Cuba Conference: Aiming For a New Model of Sustainable and Equitable Development
Brian M. Boom, Ph.D., is Vice President for Conservation Strategy, Director of NYBG Press and Science Outreach, and Bassett Maguire Curator of Botany at The New York Botanical Garden. The flora of Cuba is one of his research specialties.
The title of this post reflects the overarching theme of an international conference on the environment and development that was held recently in Havana, Cuba. I attended as a delegate from The New York Botanical Garden, making a presentation on novel methods to accelerate the conservation assessment of plant species so that plants can figure more centrally in the designation of new Key Biodiversity Areas (KBAs). I will write about these methods and KBAs later. For now, I wanted to report on the palpable energy and enthusiasm, both in tone and substance, for the diverse topics and perspectives on display in Havana during the week.
This conference played out against the backdrop of a new era in the relationship between Cuba and the U.S., with a great many new implications for development and the environment in Cuba. The conference’s highlighting of development as a process that should be sustainable and equitable refers to the need for development to be fair for both developed and less developed nations. Hundreds of delegates from some two dozen countries made presentations and engaged in debates on more than a dozen themes such as protected natural areas, biodiversity and management of ecosystems, environmental justice, environmental education, natural history museums, and climate change. The Spanish program of the conference and the abstracts of presentations can be accessed here.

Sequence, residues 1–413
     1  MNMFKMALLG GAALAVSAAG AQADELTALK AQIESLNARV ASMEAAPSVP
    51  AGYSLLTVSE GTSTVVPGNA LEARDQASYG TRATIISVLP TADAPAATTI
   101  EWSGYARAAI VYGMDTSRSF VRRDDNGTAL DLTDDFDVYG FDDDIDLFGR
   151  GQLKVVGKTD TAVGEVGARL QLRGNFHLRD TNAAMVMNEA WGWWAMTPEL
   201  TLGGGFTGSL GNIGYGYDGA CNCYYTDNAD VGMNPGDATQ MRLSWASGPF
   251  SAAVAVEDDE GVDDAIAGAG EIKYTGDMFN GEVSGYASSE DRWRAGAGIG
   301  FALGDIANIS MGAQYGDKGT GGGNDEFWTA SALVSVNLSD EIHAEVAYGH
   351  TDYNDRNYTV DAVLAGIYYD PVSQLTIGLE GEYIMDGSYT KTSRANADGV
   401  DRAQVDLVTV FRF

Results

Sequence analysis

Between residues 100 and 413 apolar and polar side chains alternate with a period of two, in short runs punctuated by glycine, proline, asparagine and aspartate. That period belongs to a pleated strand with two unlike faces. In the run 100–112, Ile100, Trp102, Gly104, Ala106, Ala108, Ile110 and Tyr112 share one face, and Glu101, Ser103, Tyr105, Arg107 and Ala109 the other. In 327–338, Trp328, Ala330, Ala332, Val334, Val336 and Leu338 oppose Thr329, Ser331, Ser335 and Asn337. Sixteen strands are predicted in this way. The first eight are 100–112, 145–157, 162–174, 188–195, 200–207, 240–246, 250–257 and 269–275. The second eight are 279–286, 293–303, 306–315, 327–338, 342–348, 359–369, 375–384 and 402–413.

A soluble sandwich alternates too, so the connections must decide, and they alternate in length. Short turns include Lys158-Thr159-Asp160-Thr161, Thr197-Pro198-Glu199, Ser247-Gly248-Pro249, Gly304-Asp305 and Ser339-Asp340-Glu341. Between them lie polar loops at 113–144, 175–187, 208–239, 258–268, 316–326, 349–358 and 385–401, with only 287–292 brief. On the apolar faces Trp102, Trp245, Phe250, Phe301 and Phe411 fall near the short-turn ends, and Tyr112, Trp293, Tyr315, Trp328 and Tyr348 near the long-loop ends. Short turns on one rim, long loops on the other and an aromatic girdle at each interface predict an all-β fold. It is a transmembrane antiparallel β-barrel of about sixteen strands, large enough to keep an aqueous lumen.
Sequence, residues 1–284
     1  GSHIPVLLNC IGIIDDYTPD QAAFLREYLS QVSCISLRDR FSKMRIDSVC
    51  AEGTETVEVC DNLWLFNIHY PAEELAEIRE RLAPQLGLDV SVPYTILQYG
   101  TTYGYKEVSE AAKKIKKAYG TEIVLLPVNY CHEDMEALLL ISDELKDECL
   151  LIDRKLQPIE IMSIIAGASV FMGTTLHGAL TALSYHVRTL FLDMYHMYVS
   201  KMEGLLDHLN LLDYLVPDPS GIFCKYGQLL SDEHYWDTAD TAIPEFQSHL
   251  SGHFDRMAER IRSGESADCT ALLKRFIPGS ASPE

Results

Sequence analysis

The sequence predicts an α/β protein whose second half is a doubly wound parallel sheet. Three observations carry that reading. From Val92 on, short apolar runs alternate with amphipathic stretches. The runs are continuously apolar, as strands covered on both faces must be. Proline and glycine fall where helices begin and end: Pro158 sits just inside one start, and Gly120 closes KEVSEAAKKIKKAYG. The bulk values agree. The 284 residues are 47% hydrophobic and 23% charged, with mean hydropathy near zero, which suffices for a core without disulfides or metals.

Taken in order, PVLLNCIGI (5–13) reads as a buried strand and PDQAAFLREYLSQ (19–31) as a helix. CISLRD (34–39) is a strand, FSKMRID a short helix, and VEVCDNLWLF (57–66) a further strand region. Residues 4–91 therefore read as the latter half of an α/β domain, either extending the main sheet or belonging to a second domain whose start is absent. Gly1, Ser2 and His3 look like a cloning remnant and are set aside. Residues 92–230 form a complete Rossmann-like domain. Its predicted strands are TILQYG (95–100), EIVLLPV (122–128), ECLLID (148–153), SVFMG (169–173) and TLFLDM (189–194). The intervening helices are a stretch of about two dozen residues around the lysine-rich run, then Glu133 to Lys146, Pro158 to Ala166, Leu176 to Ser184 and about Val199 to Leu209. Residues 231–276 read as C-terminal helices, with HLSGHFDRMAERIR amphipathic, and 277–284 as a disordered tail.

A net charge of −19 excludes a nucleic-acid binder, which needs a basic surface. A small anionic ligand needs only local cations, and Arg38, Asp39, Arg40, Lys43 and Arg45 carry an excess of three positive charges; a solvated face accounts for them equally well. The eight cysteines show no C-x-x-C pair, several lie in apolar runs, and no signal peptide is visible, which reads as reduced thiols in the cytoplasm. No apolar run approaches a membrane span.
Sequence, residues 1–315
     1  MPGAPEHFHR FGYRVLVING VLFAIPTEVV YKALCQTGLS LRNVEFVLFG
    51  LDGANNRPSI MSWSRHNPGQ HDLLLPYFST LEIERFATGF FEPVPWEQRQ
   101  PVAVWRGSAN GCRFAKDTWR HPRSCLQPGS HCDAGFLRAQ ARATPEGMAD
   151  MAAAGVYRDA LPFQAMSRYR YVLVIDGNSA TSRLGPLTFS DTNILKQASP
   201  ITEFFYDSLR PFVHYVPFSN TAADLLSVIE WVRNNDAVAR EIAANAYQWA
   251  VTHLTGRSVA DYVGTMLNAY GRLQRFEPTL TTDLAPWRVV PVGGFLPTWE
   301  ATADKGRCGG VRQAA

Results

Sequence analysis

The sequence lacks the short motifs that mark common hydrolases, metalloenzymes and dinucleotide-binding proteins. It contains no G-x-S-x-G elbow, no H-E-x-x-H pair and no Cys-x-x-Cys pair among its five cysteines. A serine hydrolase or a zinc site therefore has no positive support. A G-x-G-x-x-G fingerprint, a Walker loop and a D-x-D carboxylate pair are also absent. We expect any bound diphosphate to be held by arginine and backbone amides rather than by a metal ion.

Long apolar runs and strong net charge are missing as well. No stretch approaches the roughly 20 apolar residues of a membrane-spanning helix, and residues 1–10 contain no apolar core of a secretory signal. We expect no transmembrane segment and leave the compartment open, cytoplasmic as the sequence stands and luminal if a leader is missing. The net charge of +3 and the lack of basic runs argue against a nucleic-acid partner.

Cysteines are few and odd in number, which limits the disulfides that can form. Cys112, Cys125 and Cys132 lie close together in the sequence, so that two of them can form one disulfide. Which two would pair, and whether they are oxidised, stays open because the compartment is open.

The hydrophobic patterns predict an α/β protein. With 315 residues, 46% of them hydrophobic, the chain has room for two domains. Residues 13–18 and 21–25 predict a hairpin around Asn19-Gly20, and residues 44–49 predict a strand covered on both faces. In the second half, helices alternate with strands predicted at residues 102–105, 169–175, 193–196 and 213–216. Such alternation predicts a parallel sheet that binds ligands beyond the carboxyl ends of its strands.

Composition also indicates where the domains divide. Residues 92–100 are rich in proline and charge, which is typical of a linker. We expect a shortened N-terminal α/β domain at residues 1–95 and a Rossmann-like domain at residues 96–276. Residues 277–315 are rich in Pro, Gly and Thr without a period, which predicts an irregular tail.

One of the most important outputs from the conference was the distribution of the latest report from the Cuban government on the country’s progress to date, and plans for the next five years, related to the Convention on Biological Diversity (CBD). The report, in Spanish and titled V Informe Nacional al Convenio Sobre la Diversidad Biológica, can be accessed here.
Most impressive to me was the news that 72 percent of Cuba’s 6,000-plus plant species had been assessed for their conservation status as of 2013, compared to 44.6 percent in 2009, a remarkable accomplishment. Furthermore, of those species assessed, 47 percent were found to be threatened to some degree, which reinforces the global importance and endangerment of Cuba’s biodiversity. There is no better testimony to Cuba’s enlightened and sustained engagement with the CBD’s mandates than this report.